A tribute to Mary Tyler Moore


Like millions of other TV fans, I was saddened to hear of the death of Mary Tyler Moore, who passed two days ago just a month after her 80th birthday.

Moore’s death spawned a legion of blogs and columns about her legendary 1970-77 CBS sitcom, which paved a small but incisive path for American feminism. Countless women have stated how they were inspired to follow in the steps of Mary Richards and become journalists. (My wife, a newspaper publisher/editor, is among those women.)

Yet, for all of Mary Richards’ quiet assertiveness on the job and in her private life, the episode from the show that has been most cited by pundits is the 1975 gem “Chuckles Bites the Dust,” wherein one of Mary’s co-workers, a TV clown, dies an odd death, inspiring much gallows humor among the survivors. Mary, the voice of reason and good taste, continuously chides her other co-workers for making tasteless remarks at the expense of a dead man. Then at the man’s funeral, the minister cites some of the clown’s career highlights — including his signature line, “A little song, a little dance, a little seltzer down your pants” — and dignified Mary gradually loses her composure for all of the funeral guests to see.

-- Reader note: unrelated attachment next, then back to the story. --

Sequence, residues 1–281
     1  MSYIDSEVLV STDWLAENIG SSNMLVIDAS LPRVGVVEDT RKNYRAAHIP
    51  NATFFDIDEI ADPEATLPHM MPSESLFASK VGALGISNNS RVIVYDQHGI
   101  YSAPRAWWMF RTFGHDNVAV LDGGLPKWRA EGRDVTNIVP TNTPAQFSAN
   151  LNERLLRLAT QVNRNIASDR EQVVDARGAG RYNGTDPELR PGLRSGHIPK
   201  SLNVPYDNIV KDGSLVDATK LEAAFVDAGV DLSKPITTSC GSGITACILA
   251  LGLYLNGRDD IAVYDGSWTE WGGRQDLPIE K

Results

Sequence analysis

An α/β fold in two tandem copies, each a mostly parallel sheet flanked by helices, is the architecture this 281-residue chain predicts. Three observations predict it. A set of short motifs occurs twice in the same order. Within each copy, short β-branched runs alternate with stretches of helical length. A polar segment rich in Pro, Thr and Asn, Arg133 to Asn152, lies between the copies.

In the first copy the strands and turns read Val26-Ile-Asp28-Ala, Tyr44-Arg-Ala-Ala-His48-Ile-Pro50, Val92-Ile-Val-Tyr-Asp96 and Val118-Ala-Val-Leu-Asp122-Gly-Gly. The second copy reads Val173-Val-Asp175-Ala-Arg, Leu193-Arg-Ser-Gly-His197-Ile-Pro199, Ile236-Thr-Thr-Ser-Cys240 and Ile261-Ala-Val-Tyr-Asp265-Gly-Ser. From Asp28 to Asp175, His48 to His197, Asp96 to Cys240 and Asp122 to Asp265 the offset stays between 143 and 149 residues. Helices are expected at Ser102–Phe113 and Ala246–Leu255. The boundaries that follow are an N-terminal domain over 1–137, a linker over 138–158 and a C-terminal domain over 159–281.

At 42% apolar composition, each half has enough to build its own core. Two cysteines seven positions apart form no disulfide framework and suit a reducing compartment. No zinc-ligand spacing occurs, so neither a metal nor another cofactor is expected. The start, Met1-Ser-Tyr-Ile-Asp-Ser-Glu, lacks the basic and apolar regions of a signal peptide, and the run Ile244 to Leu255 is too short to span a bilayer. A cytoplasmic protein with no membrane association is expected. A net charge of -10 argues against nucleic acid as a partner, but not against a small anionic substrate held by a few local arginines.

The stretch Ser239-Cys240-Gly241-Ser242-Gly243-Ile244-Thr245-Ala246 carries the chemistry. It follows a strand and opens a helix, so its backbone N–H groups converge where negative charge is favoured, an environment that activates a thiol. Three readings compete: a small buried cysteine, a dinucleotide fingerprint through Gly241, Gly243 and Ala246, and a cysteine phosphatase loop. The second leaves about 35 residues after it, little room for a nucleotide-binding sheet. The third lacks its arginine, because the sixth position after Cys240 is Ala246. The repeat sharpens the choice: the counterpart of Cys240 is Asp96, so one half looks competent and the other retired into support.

Don’t get me wrong. The episode is a small master class in comedy and probably one of my top five all-time favorite TV episodes ever. (TV scripter and blogger Ken Levine has written about how he and his partner, David Isaacs, decided to become TV comedy writers in the 1970’s. They decided the first thing they should do was attend the live taping of a TV sitcom. Wouldn’t you know it, the first one they ever saw live was “Chuckles Bites the Dust,” which nearly intimidated them out of a TV career at the thought of ever writing anything approaching that level of quality.)

But it’s worth noting that, besides its sense of superb comedy, one of the best qualities about “The Mary Tyler Moore Show” was its generosity of spirit. It was indeed often quite hysterical, but never at the expense of its characters, who were provided many grace notes.